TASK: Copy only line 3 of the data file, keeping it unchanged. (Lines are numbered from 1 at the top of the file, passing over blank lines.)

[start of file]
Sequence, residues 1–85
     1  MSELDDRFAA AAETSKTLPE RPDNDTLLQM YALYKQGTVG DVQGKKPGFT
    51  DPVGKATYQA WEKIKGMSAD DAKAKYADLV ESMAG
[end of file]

    51  DPVGKATYQA WEKIKGMSAD DAKAKYADLV ESMAG